The Michigan Theater has been transformed into Detroit’s only Italian Renaissance-style parking garage. Built on the site of Henry Ford’s first automobile workshop, the Michigan Theater has ironically returned to the place from whence it came.
It was built upon the birthplace of the Ford automobile, so perhaps it’s fitting that Detroit’s Michigan Theater is now a parking lot – except that such a use seems to be such a terrible waste for such a stunning historic structure. Built in 1926 alongside the connected 13-story Michigan Building office tower, the 4,000-seat Michigan Theater has been left to decay, another casualty in Detroit’s long decline since its heyday as a car-manufacturing mecca.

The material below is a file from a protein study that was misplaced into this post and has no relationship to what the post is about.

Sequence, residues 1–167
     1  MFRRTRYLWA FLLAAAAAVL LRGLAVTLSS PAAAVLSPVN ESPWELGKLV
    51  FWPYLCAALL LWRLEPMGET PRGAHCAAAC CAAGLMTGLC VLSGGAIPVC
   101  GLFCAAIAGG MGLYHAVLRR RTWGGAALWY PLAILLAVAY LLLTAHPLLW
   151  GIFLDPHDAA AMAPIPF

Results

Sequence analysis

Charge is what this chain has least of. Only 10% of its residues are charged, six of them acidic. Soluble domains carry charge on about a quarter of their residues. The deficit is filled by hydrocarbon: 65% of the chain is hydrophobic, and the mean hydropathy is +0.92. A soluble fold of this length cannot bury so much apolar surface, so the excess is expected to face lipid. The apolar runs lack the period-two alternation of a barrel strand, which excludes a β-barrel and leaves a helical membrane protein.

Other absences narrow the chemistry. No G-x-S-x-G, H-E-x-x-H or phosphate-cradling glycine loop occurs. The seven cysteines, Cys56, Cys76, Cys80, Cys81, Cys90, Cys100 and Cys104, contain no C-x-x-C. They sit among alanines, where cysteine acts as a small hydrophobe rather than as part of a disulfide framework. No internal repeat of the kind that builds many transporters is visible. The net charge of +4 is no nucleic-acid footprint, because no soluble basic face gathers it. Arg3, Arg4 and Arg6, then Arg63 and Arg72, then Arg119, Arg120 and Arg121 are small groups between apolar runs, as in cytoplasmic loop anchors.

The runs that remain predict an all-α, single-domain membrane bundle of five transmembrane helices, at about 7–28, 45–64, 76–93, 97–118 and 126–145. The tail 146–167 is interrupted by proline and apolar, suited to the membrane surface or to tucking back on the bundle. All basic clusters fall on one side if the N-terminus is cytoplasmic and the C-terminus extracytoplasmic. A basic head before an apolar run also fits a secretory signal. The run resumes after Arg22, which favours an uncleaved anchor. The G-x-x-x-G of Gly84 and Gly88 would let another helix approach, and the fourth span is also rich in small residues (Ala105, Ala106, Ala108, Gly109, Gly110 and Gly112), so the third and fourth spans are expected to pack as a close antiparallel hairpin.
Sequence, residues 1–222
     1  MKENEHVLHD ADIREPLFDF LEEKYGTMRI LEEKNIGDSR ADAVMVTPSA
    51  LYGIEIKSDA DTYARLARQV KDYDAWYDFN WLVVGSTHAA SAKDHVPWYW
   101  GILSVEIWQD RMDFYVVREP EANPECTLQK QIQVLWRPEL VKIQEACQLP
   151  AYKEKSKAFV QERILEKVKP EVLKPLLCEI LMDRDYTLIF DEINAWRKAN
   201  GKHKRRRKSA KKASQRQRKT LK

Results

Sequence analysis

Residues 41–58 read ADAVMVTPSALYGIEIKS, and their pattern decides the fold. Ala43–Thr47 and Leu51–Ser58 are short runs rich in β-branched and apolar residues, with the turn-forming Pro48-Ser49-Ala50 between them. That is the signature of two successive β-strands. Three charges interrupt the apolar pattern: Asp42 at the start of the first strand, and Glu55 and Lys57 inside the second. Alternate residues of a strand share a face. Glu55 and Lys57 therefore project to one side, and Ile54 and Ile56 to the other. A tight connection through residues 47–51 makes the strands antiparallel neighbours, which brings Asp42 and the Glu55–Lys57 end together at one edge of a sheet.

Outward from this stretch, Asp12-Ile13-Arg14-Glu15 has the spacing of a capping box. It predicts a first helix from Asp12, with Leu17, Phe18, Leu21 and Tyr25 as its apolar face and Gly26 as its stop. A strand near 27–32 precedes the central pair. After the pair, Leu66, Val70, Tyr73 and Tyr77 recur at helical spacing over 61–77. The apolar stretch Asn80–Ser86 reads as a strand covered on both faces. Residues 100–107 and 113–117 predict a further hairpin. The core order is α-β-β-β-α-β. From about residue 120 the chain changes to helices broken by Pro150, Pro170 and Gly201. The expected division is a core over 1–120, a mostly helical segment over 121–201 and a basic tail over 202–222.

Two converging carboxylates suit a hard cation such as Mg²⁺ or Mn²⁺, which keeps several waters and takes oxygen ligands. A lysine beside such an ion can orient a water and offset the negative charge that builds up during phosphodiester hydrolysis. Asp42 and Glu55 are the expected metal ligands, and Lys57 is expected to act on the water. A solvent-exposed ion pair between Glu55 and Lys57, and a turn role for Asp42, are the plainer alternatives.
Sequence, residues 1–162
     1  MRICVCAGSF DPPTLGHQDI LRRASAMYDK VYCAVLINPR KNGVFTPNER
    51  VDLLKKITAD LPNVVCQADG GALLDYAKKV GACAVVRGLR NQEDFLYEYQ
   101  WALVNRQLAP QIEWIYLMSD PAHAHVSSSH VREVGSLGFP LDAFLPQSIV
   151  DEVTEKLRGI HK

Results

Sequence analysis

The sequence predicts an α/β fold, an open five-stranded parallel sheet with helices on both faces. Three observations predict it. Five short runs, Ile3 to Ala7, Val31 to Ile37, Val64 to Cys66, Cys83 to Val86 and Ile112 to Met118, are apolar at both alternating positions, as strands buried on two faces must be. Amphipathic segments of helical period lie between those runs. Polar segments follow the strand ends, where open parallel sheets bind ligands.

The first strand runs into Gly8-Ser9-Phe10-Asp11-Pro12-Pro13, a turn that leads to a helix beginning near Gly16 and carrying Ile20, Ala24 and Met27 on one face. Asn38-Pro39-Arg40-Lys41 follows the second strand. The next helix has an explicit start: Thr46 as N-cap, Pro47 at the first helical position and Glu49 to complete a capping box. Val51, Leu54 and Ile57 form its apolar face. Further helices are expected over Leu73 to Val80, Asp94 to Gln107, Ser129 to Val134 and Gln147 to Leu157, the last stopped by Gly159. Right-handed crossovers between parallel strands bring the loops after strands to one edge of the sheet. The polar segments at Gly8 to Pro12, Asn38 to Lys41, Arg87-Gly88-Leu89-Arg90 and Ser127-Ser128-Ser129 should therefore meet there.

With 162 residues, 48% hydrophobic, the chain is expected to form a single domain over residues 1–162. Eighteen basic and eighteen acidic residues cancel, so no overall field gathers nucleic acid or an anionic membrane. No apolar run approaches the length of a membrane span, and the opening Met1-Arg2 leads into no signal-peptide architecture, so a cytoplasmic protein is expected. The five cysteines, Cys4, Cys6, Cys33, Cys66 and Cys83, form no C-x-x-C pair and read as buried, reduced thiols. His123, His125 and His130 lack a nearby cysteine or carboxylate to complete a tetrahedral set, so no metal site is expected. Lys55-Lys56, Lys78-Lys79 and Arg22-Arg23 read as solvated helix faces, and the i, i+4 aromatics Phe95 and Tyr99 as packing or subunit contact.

The Michigan Theater was a theater in Detroit, Michigan, USA converted to a parking structure. It was built in August 1926 by the architectural firm of Rapp & Rapp for Detroit philanthropist and movie theater owner John H. Kunsky. Upon its completion the Michigan Theater could seat 4,050 patrons (although theatre developer John Kunsky boasted 4,500 seats). The theater ceased operations after its last closing in 1976 under the name of The Michigan Palace. After the theater closed, the office tenants threated to leave unless they received adequate parking. To keep the tenants, the owner gutted and converted the theater into a parking structure.